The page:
J. Blouin, J.E. Core, and W. Guay, “Have the Tax Benefits of Debt BeenOverestimated?,” Journal of Financial Economics, 2010. [Improved simulations;earnings mean reverting.]J.H. van Binsbergen, J.R. Graham, and J. Yang, “The Cost of Debt,” Journal of Finance,2010 . [Using 1986 TRA to trace out marginal cost functions.]R. Elkamhi, J. Ericcson, and C.A. Parsons, “The Cost and Timing of Financial Distress,”Journal of Financial Economics, 2012. [Broader conception of bankruptcy cost.]V. Maksimovic and J. Zechner, “Debt, Agency Costs, and Industry Equilibrium,”Journal of Finance, 1990. [Industry equilibrium model.]A. Korteweg, “The Net Benefits to Leverage,” Journal of Finance, 2010.2. Security Choice: Agency Problems & Asymmetric Information*M. C. Jensen and W. H. Meckling, “Theory of the Firm: Managerial Behavior, AgencyCosts and Ownership Structure,” JFE, 1976. [Asset substitution.]*S. C. Myers, “Determinants of Corporate Borrowing,” Journal of Financial Economics,1977. [Debt overhang/underinvestment.]D. W. Diamond, “Reputation Acquisition in Debt Markets,” Journal of PoliticalEconomy, August 1989. [Reputation as a solution.]*S. C. Myers and N. S. Majluf, “Corporate Financing and Investment Decisions WhenFirms Have Information that Investors Do Not Have,” Journal of Financial Economics,1985. [Asymmetric information/adverse selection.]S. A. Ross, “The Determinants of Financial Structure: The Incentive SignallingApproach,” Bell Journal of Economics, 1977. [Signaling.]*M. C. Jensen, “Agency Costs of Free Cash Flow, Corporate Finance and Takeovers,”American Economic Review, May 1986. [Free cash flow problem.]*R. Stulz, “Managerial Discretion and Optimal Financing Policies,” Journal ofFinancial Economics, 1990. [Attempt to formalize FCF idea.]J. Zwiebel, “Dynamic Capital Structure under Managerial Entrenchment,” AmericanEconomic Review, 1996. [Endogenous debt in free cash flow environment.]3. Evidence*I. Shyam‐Sunder and S. C. Myers, “Testing Static Tradeoff Against Pecking OrderModels of Capital Structure,” Journal of Financial Economics, 1999. [Tradeoff versuspecking order theory.]*E. F. Fama & K. R. French, “Financing Decisions: Who Issues Stock?,” Journal ofFinancial Economics, June 2005. [Evidence against the “pecking order” theory.]5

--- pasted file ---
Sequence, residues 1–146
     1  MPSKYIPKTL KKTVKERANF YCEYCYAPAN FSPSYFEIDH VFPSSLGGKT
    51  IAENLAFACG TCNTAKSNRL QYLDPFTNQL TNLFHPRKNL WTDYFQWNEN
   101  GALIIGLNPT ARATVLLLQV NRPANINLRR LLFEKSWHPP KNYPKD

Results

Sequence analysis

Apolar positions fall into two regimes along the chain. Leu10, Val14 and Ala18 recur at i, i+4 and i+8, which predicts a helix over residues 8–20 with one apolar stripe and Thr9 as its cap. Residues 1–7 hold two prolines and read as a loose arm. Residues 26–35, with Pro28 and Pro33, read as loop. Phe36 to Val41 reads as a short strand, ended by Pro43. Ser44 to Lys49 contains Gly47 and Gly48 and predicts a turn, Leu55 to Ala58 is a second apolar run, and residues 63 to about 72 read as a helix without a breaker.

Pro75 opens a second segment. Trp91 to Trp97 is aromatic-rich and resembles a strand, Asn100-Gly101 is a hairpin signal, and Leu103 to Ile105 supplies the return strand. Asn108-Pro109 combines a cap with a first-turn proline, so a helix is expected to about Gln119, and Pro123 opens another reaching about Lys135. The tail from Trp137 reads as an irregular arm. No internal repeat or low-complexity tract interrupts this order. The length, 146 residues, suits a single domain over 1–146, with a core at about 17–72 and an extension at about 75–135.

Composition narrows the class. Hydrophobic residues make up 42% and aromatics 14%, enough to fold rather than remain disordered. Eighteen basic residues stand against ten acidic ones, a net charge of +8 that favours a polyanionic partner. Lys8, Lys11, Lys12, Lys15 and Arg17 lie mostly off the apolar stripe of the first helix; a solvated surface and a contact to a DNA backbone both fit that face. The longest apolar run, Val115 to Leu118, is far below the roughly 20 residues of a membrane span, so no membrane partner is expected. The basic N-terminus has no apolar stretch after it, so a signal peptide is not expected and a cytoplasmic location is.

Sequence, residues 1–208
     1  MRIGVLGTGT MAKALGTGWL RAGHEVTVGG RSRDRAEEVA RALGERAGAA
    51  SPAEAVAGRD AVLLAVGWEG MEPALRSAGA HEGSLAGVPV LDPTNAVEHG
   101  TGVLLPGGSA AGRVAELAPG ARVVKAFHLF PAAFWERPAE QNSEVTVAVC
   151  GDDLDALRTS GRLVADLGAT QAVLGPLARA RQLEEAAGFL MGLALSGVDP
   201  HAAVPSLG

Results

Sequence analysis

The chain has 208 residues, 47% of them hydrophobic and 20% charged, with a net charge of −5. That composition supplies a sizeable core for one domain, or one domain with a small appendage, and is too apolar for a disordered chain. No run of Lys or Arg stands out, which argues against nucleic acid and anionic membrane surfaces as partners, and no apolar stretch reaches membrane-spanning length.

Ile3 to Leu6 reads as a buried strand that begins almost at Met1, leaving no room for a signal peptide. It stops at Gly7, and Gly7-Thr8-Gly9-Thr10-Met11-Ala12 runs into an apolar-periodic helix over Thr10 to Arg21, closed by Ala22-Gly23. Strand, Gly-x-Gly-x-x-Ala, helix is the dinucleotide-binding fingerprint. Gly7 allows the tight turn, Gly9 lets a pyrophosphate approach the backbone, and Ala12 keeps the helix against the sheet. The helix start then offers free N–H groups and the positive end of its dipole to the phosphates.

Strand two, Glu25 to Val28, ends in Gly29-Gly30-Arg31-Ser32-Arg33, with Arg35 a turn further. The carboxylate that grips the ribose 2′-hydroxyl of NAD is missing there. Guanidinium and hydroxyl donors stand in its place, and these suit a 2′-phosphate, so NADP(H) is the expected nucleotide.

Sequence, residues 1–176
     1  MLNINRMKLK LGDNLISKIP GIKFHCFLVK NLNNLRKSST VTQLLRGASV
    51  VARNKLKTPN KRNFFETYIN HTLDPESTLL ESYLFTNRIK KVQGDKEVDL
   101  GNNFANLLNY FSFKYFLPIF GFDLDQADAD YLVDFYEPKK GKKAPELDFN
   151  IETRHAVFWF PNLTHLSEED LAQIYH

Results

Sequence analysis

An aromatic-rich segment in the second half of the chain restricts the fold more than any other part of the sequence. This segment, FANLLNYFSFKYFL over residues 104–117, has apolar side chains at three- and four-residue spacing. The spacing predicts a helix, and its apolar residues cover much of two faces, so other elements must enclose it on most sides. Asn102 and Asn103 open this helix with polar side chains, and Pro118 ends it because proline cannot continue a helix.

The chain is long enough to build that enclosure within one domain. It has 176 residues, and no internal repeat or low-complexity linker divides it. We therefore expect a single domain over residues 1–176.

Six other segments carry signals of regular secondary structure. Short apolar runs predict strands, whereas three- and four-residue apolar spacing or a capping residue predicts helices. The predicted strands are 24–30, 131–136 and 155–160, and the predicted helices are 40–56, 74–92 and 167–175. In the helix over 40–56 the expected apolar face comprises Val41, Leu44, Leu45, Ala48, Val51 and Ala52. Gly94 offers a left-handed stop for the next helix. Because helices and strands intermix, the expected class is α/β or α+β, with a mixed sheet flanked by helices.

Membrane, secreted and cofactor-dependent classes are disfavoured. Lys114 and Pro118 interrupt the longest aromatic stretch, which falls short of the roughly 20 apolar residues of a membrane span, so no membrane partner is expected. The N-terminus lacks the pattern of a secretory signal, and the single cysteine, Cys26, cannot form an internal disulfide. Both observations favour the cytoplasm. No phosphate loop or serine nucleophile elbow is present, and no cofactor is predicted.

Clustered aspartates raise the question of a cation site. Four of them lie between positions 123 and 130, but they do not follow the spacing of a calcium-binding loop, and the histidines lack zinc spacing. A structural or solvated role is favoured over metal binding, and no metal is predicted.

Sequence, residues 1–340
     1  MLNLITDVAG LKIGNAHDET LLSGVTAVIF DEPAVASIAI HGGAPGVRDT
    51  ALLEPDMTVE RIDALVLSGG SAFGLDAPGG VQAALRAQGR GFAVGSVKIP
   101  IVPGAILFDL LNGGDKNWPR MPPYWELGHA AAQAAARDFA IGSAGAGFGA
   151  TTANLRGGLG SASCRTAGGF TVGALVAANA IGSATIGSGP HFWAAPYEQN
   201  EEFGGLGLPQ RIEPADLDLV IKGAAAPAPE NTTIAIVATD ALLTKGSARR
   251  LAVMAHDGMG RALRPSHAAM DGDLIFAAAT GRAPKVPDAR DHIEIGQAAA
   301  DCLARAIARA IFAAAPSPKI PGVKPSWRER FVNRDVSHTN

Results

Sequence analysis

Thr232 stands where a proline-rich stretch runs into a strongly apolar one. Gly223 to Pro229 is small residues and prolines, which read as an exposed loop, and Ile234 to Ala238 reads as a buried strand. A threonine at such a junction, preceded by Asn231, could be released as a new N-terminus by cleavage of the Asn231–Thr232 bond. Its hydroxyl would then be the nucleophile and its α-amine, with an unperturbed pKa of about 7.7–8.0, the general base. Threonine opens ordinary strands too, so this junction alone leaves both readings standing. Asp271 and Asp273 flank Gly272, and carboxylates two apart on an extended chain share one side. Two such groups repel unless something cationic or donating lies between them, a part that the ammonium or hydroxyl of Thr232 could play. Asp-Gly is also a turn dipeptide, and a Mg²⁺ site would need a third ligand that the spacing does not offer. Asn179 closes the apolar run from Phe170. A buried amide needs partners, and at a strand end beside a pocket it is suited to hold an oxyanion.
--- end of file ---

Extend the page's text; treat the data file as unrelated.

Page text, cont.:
M. T. Leary & M. R. Roberts, “Do Firms Rebalance Their Capital Structures?,” Journalof Finance, 2005. [Evidence for tradeoff model with adjustment costs.]J. Graham & C. Harvey, “The Theory and Practice of Corporate Finance: Evidencefrom the Field,” Journal of Financial Economics, 2001. [What managers say they do.]I. Welch, “Capital Structure and Stock Returns,” Journal of Political Economy, 2004.[Capital structure changes driven by stock price changes.]I. Strebulaev, “Do Tests of Capital Structure Theory Mean What They Say?,” Journalof Finance, 2007.I. Strebulaev & B. Yang, “The Mystery of Zero‐Leverage Firms,” Journal of FinancialEconomics, 2013.Part II. Security Design/Financial Contracting4. Assigning Cash FlowR. Townsend, “Costly State Verification,” J Economic Theory, 1979. [First CSV paper.]*D. Gale and M. Hellwig, “Incentive‐Compatible Debt Contracts: The One‐PeriodProblem,” Review of Economic Studies, 1985. [Easier to understand than Townsend.]P. DeMarzo and Y. Sannikov, “A Continuous‐Time Agency Model of OptimalContracting and Capital Structure,” Journal of Finance, 2006. [Dynamic securitydesign.]P. DeMarzo and M. Fishman, “Optimal Long‐Term Financial Contracting,” RFS, 2007.5. Assigning Control RightsS. J. Grossman and O. Hart, “The Costs and Benefits of Ownership: A Theory ofVertical and Lateral Integration,” Journal of Political Economy, 1986. [First paperusing ‘residual rights of control’.]O. Hart and J. Moore, “Property Rights and the Nature of the Firm,” Journal ofPolitical Economy, 1990. [The other foundational paper.]*P. Aghion and P. Bolton, “An ‘Incomplete Contracts’ Approach to FinancialContracting,” Review of Economic Studies, July 1992. [Application of control rights tosecurity choice.]O. Hart and J. Moore, “A Theory of Debt Based on the Inalienability of HumanCapital,” Quarterly Journal of Economics, 1994, 841‐879.M. Dewatripont and J. Tirole, “A Theory of Debt and Equity: Diversity of Securitiesand Manager‐Shareholder Congruence,” Quarterly Journal of Economics, 1994.6